Researchers 'pleasantly surprised' by fact that most quickly made the healthy choice
By Robert Preidt
THURSDAY, March 9, 2017 (HealthDay News) -- When they learn they're pregnant, most American women stop drinking alcohol, a new study shows.
Researchers analyzed data from more than 5,000 newly pregnant women in eight U.S. cities. They found that the vast majority stopped or reduced their drinking after their positive pregnancy test.
"Our study was not focused on whether or not alcohol is safe in the early conception window," said study senior author Dr. Katherine Hartmann.
"We wanted to see what actual women were currently doing. And we were pleasantly surprised about how promptly people changed their alcohol use," said Hartmann, a professor of obstetrics and gynecology at Vanderbilt University Medical Center in Nashville, Tenn.
Most quit completely, while about 6 percent of women continued to consume some alcohol, almost all of them at very low levels, she said.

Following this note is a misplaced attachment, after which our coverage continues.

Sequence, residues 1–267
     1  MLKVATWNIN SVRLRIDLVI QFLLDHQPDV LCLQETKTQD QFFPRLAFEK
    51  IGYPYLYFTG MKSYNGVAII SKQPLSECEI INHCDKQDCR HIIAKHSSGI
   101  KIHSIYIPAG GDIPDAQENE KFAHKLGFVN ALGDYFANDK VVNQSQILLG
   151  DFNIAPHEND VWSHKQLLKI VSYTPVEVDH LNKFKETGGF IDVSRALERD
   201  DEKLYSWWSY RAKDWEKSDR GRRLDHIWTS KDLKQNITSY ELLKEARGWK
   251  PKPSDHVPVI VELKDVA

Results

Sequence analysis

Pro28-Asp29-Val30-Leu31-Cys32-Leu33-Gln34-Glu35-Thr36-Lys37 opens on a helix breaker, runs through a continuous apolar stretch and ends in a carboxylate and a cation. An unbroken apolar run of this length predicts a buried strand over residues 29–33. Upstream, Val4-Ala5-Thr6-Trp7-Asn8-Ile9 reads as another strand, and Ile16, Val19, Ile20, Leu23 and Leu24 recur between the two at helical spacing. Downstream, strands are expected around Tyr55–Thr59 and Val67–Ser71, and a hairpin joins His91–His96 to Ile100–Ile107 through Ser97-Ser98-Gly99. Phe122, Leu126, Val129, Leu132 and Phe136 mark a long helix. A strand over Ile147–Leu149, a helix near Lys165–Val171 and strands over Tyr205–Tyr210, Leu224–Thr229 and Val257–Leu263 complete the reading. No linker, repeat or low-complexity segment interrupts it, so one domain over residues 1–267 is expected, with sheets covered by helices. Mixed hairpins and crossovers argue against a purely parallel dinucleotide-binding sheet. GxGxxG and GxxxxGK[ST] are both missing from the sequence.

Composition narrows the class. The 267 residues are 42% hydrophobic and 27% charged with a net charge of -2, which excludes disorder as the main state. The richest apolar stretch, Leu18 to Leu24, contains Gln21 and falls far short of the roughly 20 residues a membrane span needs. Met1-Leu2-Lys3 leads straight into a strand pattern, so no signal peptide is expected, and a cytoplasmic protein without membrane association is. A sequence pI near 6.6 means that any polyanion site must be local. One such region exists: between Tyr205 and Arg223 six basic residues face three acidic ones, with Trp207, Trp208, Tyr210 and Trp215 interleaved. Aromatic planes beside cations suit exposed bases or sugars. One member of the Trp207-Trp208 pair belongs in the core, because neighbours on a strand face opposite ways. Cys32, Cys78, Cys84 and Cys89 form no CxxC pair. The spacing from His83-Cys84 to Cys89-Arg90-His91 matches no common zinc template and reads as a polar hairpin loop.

The U.S. Centers for Disease Control and Prevention recommends that women who are pregnant or could become pregnant avoid alcohol use.
The fact that many women understand the risks of alcohol use during pregnancy and change their drinking habits is encouraging, but doing so is most effective the earlier women know they're pregnant, Hartmann added.
"Women were already self-regulating their alcohol use. Our findings suggested that promoting early pregnancy awareness could prove to be more effective than promoting abstinence from alcohol among all who could conceive," she said in a university news release.
The study will appear in the April issue of the journal Obstetrics and Gynecology.
The U.S. National Institute on Alcohol Abuse and Alcoholism has more about alcohol and pregnancy.
SOURCE: Vanderbilt University, news release, March 9, 2017
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